By Gary Murray

Starring the voices of Mandy Moore, Zachary Levi and Donna Murphy

Written by Dan Fogelman

Directed by Nathan Greno and Byron Howard

Running time 100 min

MPAA Rating PG

Selig Film Rating FULL PRICE

Disney is my favorite movie studio. Since the day I was born, it seems that they have been a part of my life. I remember how 'in love' I was with my first Disney experience, The Jungle Book. It is my first memory. Over the years, the company has been putting out quality action and animated films for the enjoyment of children of all ages. Some have worked better than others, but the studio still has more success than their rivals. Their latest and one of the greatest is the newest adventure with the newest princess Rapunzel–Tangled.

Tangled starts with the 'once upon a time' feeling and the back story. The queen who is with child has become sick and in order to save her majesty, a magical golden flower must be found. The only person who knows where it is located is Gothel (Donna Murphy). She uses the plant as an eternal youth potion. The locals finally find the plant, saving the queen and the child. The magic of the plant is transferred into the infant princess. Gothel steals the child away, hiding her in a tall tower in the forest.

It is eighteen years later and the young Rapunzel (Mandy Moore) has been kept in the tower her entire life. She yearns to see the outside world, a world she is told to contain infinite dangers. Mother Gothel uses Rapunzel's magical long hair to keep her youth and beauty. Every year on her birthday, Rapunzel watches mysterious lanterns light up the night sky. She wants to know what they are and why the only happen on her birthday. Somehow she feels a connection to the lights.

On the other side of the forest Flynn Rider (Zachary Levi) is escaping with his henchmen. This charming rogue bandit has recently stolen the crown of the young lost princess. As he makes his escape, he's followed by a very intelligent horse with a bloodhound nose. This horse steals just about every moment he is featured.

Soon, Flynn discovers the tower and ascends. Almost instantly he is captured by Rapunzel, wielding a cast iron skillet. When he finally awakes, Flynn finds that he is bound by seventy feet of hair. He tries every trick in the book to get Rapunzel to let him go and give him back the crown he has stolen. They make a deal, If he will escort her to where the lights come from and bring her back before Gothel gets back from a two day errand, she will give him back the crown. Before one can say go, we're on a road trip.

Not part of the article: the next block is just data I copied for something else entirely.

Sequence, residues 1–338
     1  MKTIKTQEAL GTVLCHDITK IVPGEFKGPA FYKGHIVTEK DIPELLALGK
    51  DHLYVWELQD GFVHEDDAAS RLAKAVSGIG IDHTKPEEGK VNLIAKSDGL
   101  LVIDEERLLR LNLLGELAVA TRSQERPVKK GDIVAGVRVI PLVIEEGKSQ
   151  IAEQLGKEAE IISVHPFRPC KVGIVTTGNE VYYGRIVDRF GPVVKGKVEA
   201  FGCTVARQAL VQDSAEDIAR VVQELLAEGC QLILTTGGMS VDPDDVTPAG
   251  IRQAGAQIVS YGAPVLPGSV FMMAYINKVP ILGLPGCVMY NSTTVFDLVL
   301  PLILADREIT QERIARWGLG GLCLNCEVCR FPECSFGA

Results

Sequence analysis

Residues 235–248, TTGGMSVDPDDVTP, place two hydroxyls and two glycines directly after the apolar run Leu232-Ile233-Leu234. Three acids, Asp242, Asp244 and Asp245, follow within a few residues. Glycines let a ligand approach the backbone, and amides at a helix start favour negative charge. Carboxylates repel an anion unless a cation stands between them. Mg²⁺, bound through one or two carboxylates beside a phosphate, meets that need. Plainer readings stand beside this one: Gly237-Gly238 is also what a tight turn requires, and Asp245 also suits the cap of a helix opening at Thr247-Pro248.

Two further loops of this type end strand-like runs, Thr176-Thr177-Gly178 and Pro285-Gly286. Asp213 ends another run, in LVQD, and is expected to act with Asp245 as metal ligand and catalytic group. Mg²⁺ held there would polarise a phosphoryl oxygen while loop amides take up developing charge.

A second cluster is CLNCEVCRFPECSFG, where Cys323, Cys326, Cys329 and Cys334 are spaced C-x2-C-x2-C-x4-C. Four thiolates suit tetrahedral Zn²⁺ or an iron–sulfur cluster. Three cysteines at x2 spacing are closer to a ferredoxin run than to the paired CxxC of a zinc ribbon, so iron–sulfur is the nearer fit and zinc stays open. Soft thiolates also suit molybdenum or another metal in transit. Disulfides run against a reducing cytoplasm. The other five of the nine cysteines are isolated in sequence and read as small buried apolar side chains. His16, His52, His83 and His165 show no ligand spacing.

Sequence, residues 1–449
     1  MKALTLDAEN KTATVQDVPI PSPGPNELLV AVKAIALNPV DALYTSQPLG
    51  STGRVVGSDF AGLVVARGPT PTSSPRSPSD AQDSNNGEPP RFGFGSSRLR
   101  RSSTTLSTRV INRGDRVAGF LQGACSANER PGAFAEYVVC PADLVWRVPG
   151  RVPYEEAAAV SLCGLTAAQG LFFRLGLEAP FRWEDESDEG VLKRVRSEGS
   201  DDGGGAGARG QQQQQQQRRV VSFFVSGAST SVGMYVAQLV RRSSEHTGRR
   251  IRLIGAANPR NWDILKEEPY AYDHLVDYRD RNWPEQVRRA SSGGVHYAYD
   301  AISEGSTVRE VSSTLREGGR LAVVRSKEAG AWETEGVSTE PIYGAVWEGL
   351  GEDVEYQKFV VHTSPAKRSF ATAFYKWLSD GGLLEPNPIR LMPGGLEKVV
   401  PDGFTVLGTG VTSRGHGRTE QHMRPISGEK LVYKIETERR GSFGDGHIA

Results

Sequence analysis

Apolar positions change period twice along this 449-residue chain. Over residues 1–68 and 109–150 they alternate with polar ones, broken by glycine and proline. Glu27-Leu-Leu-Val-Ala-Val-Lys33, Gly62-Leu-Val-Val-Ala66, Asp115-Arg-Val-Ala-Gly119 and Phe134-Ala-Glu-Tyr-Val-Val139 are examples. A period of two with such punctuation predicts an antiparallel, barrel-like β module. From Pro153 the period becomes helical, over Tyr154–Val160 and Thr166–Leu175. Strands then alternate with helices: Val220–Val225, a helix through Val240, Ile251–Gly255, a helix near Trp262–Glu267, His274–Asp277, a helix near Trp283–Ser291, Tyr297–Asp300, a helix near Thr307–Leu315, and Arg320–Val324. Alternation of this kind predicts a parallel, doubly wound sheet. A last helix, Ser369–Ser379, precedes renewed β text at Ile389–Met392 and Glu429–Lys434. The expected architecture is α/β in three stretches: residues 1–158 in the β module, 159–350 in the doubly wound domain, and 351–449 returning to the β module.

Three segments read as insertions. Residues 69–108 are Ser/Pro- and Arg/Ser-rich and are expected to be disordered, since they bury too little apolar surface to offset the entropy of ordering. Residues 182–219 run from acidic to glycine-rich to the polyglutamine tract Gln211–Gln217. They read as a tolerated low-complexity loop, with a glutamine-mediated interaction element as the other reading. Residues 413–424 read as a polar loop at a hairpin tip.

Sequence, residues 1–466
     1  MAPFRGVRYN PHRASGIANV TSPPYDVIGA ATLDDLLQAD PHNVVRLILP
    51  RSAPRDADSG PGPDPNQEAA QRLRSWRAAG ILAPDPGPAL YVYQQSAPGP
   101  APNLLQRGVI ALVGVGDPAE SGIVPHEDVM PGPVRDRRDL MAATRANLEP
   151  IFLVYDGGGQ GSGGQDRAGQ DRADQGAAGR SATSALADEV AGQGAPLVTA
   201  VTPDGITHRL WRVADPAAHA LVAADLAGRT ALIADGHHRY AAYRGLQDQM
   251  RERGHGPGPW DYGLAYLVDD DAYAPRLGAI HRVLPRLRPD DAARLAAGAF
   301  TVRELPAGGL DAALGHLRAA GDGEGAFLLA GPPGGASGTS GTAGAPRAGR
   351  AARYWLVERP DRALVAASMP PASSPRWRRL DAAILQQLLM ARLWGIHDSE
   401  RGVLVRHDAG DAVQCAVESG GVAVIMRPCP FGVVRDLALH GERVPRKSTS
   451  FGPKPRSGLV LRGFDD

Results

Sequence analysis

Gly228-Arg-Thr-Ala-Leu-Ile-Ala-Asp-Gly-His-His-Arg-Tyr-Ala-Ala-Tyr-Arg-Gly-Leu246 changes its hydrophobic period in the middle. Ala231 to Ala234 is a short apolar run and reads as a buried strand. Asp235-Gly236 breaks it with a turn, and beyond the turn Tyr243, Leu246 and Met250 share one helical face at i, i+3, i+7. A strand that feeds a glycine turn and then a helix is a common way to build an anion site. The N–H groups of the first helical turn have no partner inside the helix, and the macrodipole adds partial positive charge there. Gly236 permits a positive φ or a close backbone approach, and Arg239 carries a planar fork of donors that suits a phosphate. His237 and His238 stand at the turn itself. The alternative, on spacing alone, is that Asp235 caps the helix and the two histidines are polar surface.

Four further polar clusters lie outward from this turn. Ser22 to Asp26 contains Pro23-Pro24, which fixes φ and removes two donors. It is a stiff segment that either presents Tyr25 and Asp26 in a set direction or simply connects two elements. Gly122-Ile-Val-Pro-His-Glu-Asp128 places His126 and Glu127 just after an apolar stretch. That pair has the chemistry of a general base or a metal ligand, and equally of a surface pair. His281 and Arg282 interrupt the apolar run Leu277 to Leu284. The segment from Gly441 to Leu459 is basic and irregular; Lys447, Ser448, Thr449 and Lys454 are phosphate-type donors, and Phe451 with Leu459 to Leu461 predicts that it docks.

The first big adventure happens when they go to a pub and Rapunzel interacts with a band of cutthroats, winning them over with dance and song. She uses her hair in Indiana Jones fashion, more of a bull whip and balancing rope than tresses. The locks save them from danger after danger.

While Flynn is running from both the palace guards and his back-stabbing cohorts, Gothel has come back early and makes her own plans to recapture Rapunzel before she finds out the truth of her life.

There are not enough superlatives to describe Tangled. Simply put, it is one of the best movies of the year and an instant classic. Directors Nathan Greno and Byron Howard have given the audience a film for the ages, something that will be treasured for generations to come. There hasn't been a princess movie this strong since Beauty and the Beast. It has every element one would want from the classic Grimm tale but with modern twists and spins. This fleshed out version of the children's story doesn't feel overblown and padded. It flows from action to comedy with a seamless pace.

The voice casting is spot on with Mandy Moore catching all the innocence needed and Donna Murphy capturing all the villainy. Even the smaller parts of the pub thugs are all a perfect blend of bile and brightness. Disney has always been good at matching the voices and characters and here it is perfect.

The technical aspects of the film are a giant step up and onward in the field of animation. Every strand of Rapunzel's hair moves both on its own and with others, much like ocean waves. The details of the backgrounds are along the painted quality of something seen in the National Gallery in London.

The film is presented in 3-D and it looks wonderful, full and rich, with details filling the screen. With more and more films coming out in 3-D, one can get a sense of what works and what doesn't. Animated 3-D is head and shoulders above live-action presentations. Where the elements of the technology in animation are controlled, the effect can be used to a maxim degree. When they are forced upon the print, like The Last Airbender and Clash of the Titans the effect becomes more of a lame trick. The only live action 3-D effect that worked last year was in Piranha 3-D.


The creators have given us a vision that captures the spirit of hope and the wonder that is animation. The lighting ceremony in close-up is one of the most moving cinema experiences ever put on the Silver Screen–an instant classic moment.

One can see where this film could be adapted into a Broadway musical. It has all the elements of high drama and low comedy with so many 'tap your toes' tunes. With all the choices for Thanksgiving viewing, make Tangled the first film on the list. It is a can't miss winner.




Written By
More from Gary Murray
  Saturday—DIFF   On the second full night of the festival the...
Read More
0 replies on “Tangled”